By Mike Houlahan, of NZPA

Wellington: The hobbits Frodo and Sam share a special bond in J.R.R.Tolkien’s The Lord Of The Rings , and the actors who play the roles in Peter Jackson’s movie version of the story say they now feel a similar connection.

Elijah Wood (Frodo) and Sean Astin (Sam) spent every day together for two years as they played their parts in telling the story in the trilogy, the final part of which has its world premiere in Wellington today.

Their close bond comes from the fact that, as in the books, they split early from the Fellowship of the Ring. Just as Frodo, Sam and their untrustworthy guide Gollum made their own way to Mordor, Wood, Astin and Andy Serkis (Gollum) spent months together shooting their own scenes.

“Sean was amazing. It was like having another brother,” Wood said.

“A lot of what you see on screen is the reality of our relationship. We relied on each other just as Frodo and Sam relied on each other, so bringing that to the screen was effortless.”

Despite the closeness of the characters, the friends are placed under more pressure than ever before as their nightmare walk to Mordor unfolds in Return Of The King .

“There’s a real threat to their relationship in this film and ultimately they come through the experience better friends than they have ever been,” Wood said.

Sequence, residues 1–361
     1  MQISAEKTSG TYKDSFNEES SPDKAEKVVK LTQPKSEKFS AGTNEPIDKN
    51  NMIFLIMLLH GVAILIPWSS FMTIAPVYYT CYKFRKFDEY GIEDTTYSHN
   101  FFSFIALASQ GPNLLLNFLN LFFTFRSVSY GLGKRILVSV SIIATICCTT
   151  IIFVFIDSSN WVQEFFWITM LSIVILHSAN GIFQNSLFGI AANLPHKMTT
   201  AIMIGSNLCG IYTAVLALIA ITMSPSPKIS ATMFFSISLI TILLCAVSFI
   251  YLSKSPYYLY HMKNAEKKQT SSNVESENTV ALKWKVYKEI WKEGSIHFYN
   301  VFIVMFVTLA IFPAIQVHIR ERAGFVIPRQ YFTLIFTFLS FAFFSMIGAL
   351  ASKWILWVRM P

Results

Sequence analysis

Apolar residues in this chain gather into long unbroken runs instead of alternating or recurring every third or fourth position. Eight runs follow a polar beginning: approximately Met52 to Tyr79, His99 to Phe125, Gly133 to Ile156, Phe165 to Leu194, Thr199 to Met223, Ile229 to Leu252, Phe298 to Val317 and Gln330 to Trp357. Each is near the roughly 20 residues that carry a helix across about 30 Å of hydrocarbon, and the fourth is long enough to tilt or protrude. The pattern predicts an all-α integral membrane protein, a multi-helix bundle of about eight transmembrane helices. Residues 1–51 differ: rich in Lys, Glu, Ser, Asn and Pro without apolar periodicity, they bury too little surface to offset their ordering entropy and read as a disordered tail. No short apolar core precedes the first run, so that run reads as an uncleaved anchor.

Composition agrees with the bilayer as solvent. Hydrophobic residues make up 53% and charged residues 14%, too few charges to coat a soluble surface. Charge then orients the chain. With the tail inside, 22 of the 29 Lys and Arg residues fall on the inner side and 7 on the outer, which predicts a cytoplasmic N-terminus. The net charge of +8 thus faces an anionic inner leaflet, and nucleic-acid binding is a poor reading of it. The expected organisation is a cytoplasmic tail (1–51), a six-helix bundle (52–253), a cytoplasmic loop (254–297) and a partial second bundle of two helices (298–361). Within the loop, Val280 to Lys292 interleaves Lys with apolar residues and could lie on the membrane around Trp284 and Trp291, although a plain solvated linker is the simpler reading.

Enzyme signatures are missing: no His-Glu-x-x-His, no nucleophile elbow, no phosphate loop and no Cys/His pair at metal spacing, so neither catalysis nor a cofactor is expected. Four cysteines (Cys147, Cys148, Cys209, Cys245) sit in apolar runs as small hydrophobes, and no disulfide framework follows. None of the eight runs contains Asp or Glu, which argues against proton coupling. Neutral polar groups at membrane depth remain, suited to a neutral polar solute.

“I think in this film you realise Frodo couldn’t have done it without Sam, and he knows that.”

One of the most emotional moments in the film comes when Sam – realising he cannot bear the burden of the ring – says if he is unable do that he can at least carry the ring-bearer.

“You can’t look around and see the calibre of work being created by everybody and then you be the weak link,” Astin said.

“You’ve got Frodo cradled in your arms and you’re not going to go there [emotionally]? Sure, you’re going to go there. Peter sets this emotional crossbar . . . You keep at it until you find a level of emotional honesty and truth that resonates.”

The scene immediately after is one Woods recalled as one of the most powerful in the films.

“Sam holds Frodo in his arms recalling the Shire, trying to make light of the situation . . . there’s the sense Frodo is dying and these two hobbits . . . can barely carry on. It was a very sad sequence to film and very challenging.

“For Sean and I, I think that was the most important scene in terms of our characters’ journey. I remember we were all crying. Peter was crying.”